Speculation over the new Boston archbishop's choice of domicile ended with Archbishop Sean O'Malley announcing he will live in the rectory of the cathedral and give up the more luxurious official residence. "A bishop should be close to his cathedral," O'Malley wrote recently in the archdiocesan newspaper. "The parish is the venue of the pastoral life of the diocese, and living in a rectory is a statement about this reality."
He said his predecessors "were not worldly men who sought a 'fancy pad' but "were uninterested in material things." He said they lived in the official residence in a tradition begun by Cardinal William O'Connell (archbishop from 1907-1944).
"There was a day when many of the trappings surrounding a bishop were an expression of the longing of immigrants," he wrote. "It was the way Catholics said: 'Our church is an important institution and we are important.'" The church no longer needs all the symbols of the past, wrote O'Malley, a Capuchin Franciscan, "especially when those symbols now seem ambiguous at best and a contradiction of some of our gospel values at worst."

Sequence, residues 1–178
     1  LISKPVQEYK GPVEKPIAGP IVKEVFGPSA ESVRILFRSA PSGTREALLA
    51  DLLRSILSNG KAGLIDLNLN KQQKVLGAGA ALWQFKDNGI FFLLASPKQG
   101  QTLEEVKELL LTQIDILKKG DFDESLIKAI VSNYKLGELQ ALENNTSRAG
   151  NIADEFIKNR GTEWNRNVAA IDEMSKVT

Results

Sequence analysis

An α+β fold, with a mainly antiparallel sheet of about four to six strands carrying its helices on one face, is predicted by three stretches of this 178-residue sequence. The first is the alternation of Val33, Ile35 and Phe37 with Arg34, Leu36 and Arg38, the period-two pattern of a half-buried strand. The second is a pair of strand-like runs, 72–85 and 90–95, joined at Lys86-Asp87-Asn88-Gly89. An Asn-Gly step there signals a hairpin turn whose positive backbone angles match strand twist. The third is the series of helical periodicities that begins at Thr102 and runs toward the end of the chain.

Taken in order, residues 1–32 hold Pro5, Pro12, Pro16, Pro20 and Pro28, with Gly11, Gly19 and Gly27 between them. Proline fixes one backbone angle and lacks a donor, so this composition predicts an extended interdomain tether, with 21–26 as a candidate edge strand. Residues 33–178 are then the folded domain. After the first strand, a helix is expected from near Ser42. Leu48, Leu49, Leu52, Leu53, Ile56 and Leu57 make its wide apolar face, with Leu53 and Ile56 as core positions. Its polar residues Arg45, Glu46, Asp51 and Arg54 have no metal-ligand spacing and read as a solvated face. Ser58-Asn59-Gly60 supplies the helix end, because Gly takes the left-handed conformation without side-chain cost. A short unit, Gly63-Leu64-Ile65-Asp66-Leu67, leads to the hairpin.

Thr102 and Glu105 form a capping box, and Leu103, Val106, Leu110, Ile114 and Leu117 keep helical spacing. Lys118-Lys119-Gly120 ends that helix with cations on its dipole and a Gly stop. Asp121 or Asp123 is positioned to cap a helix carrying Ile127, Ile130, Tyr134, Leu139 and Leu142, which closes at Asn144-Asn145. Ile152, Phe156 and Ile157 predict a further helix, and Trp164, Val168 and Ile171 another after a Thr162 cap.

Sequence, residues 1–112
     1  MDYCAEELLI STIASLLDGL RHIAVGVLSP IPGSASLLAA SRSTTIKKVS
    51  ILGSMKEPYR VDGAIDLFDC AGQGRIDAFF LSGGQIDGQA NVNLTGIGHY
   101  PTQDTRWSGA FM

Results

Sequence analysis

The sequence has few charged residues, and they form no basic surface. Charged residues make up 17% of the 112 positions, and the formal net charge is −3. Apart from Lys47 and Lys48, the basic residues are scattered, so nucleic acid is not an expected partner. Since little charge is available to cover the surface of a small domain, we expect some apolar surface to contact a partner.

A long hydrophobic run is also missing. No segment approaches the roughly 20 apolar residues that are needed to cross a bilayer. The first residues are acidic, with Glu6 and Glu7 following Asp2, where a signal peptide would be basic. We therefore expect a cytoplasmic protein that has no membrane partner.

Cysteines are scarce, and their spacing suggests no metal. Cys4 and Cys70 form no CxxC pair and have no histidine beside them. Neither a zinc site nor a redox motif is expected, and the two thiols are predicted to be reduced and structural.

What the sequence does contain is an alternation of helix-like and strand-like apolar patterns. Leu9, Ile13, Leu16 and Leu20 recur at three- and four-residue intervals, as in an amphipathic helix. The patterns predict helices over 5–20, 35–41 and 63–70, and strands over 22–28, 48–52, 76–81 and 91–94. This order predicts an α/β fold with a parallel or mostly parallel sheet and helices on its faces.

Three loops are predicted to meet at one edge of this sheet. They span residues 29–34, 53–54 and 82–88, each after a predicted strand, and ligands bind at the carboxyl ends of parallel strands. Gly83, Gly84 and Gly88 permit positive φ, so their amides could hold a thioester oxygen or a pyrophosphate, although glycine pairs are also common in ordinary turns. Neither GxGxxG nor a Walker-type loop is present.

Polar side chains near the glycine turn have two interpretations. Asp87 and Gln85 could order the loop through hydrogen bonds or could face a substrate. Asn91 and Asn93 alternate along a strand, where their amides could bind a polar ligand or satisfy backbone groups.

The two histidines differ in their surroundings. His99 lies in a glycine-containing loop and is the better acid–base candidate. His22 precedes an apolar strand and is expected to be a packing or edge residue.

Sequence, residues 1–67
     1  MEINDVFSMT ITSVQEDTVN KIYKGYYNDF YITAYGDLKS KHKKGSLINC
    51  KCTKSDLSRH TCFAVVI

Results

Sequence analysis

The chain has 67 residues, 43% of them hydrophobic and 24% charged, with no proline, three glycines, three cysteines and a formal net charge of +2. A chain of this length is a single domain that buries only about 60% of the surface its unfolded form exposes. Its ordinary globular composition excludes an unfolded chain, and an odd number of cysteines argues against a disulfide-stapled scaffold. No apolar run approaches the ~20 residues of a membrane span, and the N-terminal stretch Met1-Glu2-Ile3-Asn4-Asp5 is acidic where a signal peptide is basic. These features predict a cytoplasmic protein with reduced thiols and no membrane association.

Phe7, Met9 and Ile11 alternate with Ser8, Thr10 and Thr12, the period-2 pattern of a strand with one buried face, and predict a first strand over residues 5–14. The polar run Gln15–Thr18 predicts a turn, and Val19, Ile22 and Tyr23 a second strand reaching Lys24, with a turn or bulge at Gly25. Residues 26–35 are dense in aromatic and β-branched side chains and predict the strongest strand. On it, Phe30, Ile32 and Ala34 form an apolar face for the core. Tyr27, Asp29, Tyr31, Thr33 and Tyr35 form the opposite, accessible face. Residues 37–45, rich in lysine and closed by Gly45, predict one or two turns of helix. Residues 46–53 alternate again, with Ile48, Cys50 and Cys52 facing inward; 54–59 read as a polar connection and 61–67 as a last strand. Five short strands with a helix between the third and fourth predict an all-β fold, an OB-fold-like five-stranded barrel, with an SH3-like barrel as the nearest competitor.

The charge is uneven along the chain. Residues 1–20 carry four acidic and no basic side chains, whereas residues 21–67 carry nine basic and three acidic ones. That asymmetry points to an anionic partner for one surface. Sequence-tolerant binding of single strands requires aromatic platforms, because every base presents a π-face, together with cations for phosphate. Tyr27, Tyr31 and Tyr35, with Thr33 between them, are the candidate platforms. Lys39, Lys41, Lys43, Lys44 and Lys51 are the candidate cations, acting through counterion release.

Rev. Francis F. Baiocchi
Finally, a bishop who gets the message! But for every O'Malley in the church, there remain dozens of bishops who continue to revel in their episcopal rank and privilege, maintaining lifestyles far removed from the people whom they ostensibly serve. Mainstream Catholics in this country are no longer an immigrant population trying to maintain an ethnic identity : whether that be Milwaukee Germans or Bostonian Irish. We have come of age. Yet our bishops remain stuck in a medieval time warp with their trappings of monarchical dress and castle-like domiciles.
We might wonder how many of the hundreds of American bishops will follow in Sean O'Malley's footsteps to live simpler lives closer to the people they pastor. (What would your guess be?) Shepherds who isolate themselves from their "flock" and then address their people mostly for fundraising and anti-abortion rhetoric are still far too numerous in the United States and elsewhere.